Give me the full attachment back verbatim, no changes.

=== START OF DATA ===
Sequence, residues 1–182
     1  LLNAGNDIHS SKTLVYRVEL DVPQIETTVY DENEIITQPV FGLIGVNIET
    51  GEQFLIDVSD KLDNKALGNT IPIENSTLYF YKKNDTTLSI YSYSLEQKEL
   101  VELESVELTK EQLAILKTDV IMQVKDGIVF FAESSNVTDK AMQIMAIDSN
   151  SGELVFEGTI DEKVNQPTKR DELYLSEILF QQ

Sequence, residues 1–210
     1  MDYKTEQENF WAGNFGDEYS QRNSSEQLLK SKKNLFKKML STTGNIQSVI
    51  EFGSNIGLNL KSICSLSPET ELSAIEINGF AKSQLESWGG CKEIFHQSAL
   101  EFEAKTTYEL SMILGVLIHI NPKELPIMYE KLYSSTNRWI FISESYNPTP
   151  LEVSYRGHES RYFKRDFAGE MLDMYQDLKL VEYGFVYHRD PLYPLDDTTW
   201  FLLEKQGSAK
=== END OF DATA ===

Sequence, residues 1–182
     1  LLNAGNDIHS SKTLVYRVEL DVPQIETTVY DENEIITQPV FGLIGVNIET
    51  GEQFLIDVSD KLDNKALGNT IPIENSTLYF YKKNDTTLSI YSYSLEQKEL
   101  VELESVELTK EQLAILKTDV IMQVKDGIVF FAESSNVTDK AMQIMAIDSN
   151  SGELVFEGTI DEKVNQPTKR DELYLSEILF QQ

Sequence, residues 1–210
     1  MDYKTEQENF WAGNFGDEYS QRNSSEQLLK SKKNLFKKML STTGNIQSVI
    51  EFGSNIGLNL KSICSLSPET ELSAIEINGF AKSQLESWGG CKEIFHQSAL
   101  EFEAKTTYEL SMILGVLIHI NPKELPIMYE KLYSSTNRWI FISESYNPTP
   151  LEVSYRGHES RYFKRDFAGE MLDMYQDLKL VEYGFVYHRD PLYPLDDTTW
   201  FLLEKQGSAK